Report: The Leicester Comedy Festival

The twentieth Leicester Comedy Festival could not have got off to a better, more high profile start if the TV channel that sponsored it was called Richard instead of Dave. By a nice coincidence the remains of the Plantagenet king found in a local car park were confirmed as royal in the run-up to the opening, giving the organisers the chance to make as many "funny bones" puns as they could manage.

I arrived in Leicester on Sunday morning for a whirlwind day of gigs and one of the first things I saw was a ridiculously massive queue of damp people in anoraks. Sadly not waiting for a show but to see Richard's remains. I'm sure, however, that the history buffs descending on Leicester will boost comedy attendances too. The city probably hasn't had so much publicity since Gary Lineker was scoring goals for them.

for my first LCF experience I gave Richard III a body swerve and instead headed to Just The Tonic for Mark Olver's Dancing About Architecture, a comedy geek's dream of a gig previously done in Edinburgh mark olverin which he chats about comedy with other comedians. Olver (right) made a fatal, but brilliant error when planning the show. He expected that due to the 1.30pm start there would be some hangover-induced no-shows so he over-invited, only for everyone to turn up. As a result the audience got thoughts and gags from Norman Lovett, Johnny Vegas, Carly Smallman, Adam Hess and Markus Birdman.

Olver was in the fortunate position of not really having to do much. He simply asked the kind of standard questions that would make Jerry Sadowitz combust and the guests did the rest. On being asked whether he ever gets nervous before a gig Vegas revealed that he had been known to "pray for a small fire in the venue" so that a show would be cancelled. "Not for anyone to be hurt," he added.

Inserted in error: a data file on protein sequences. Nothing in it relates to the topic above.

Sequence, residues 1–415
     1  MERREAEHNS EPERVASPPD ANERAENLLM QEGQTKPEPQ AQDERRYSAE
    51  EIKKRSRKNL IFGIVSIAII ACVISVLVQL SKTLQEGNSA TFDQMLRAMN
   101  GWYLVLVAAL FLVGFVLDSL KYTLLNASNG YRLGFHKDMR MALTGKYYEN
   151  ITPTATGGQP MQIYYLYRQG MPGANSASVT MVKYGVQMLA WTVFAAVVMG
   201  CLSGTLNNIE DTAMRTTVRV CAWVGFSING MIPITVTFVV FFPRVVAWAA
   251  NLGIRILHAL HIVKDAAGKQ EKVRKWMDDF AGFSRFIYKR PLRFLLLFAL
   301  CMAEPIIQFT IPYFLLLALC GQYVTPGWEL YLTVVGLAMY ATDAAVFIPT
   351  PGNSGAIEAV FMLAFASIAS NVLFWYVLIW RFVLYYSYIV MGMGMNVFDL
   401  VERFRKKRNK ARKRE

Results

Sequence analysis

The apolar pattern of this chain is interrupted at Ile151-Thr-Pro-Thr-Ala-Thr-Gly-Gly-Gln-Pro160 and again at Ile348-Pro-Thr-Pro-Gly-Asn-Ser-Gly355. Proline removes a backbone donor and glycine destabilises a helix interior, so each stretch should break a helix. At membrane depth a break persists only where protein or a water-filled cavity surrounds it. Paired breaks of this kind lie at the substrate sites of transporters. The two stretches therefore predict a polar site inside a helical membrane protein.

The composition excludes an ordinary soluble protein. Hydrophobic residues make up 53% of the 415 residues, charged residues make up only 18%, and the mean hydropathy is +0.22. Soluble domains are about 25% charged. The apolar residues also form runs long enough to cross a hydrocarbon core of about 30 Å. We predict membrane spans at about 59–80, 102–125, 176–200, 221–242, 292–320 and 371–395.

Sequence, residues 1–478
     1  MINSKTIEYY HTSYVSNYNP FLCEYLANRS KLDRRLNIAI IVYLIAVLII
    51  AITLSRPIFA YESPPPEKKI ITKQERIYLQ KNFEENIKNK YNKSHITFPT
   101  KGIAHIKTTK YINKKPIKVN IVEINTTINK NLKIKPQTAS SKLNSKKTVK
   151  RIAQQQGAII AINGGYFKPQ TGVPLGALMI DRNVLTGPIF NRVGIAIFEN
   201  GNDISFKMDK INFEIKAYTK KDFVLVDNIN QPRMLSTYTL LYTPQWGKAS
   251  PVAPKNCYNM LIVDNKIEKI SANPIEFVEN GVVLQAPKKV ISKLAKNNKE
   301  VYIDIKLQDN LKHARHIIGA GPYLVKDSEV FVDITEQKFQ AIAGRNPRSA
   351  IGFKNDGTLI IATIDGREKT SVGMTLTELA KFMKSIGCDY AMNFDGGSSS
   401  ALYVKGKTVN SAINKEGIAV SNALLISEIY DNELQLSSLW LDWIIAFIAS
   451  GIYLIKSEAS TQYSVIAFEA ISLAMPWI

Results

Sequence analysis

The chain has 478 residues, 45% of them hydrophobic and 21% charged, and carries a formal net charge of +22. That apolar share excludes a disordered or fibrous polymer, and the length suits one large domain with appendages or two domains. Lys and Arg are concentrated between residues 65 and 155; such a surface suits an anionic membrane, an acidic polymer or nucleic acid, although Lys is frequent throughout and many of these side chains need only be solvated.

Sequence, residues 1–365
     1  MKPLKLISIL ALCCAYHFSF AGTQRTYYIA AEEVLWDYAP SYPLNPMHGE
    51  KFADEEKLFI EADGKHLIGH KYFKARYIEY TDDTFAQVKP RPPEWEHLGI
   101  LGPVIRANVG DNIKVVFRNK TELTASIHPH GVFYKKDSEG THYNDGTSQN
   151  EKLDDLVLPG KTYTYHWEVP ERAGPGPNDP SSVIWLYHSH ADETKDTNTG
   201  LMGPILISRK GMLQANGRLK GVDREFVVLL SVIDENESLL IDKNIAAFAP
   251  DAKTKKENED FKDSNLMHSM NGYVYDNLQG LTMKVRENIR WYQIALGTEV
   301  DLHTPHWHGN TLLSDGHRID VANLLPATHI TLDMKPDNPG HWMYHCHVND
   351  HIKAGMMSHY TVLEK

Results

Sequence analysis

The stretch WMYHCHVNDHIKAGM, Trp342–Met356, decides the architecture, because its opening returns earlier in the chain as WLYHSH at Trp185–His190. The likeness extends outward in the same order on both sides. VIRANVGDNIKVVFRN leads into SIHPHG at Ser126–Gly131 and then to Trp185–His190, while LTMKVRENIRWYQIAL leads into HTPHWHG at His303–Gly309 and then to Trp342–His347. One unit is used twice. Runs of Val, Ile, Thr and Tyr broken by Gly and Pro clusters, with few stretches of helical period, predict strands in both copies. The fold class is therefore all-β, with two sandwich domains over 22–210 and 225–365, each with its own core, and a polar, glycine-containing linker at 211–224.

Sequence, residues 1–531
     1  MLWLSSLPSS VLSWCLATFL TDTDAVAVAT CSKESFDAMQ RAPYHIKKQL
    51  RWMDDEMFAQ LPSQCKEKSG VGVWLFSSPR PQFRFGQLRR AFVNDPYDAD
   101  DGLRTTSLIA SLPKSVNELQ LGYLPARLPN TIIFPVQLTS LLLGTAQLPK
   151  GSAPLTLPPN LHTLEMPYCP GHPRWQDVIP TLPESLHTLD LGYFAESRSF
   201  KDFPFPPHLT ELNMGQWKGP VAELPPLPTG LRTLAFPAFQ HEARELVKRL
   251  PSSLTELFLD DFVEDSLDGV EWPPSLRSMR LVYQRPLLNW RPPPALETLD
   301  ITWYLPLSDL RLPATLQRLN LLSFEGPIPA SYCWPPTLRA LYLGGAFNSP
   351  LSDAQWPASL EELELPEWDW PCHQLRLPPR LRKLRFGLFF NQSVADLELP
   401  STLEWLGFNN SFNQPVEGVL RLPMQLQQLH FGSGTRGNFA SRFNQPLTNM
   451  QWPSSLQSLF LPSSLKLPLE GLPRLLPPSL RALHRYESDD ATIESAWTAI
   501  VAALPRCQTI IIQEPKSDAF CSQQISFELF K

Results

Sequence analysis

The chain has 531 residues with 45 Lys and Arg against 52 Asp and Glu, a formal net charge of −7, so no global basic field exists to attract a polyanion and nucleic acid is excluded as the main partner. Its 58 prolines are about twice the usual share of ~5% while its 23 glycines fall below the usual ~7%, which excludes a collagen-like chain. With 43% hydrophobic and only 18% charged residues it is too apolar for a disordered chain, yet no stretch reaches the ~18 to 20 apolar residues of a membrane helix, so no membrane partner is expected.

When it came to talking about their worst gigs, Hess trumped the opposition by recalling a gig where he went on with a damp patch of piss on his crotch and had to leave the stage in shame. Olver pointed out, much to Carly Smallman's surprise, that this can be an occupational hazard and advises anyone with a weak bladder to wear dark clothes. Markus Birdman underlined how addictive stand-up can be by telling the audience that he once did a gig despite having had a stroke earlier in the day. Norman Lovett, meanwhile, called for the return of cut-price third class train travel – "for students, take all the seats out, they'd reallly like it."

The discussion moved on quickly to the state of modern comedy and the divide between mainstream club comedy and comedy as art and self-expression. Interesting things were said about the conservatism of the circuit and how it currently stifles creativity. Then, just as the chat started to feel like a group of workers talking shop Adam Hess revealed that Jimmy Savile once propositioned him. Sort of. He was on a cruise with his dad when Savile walked up to the thirteen-year-old Hess, stuck his finger in some custard and said "do you want some of that?"  Now if that isn't the inspiration for an Edinburgh show I don't know what is.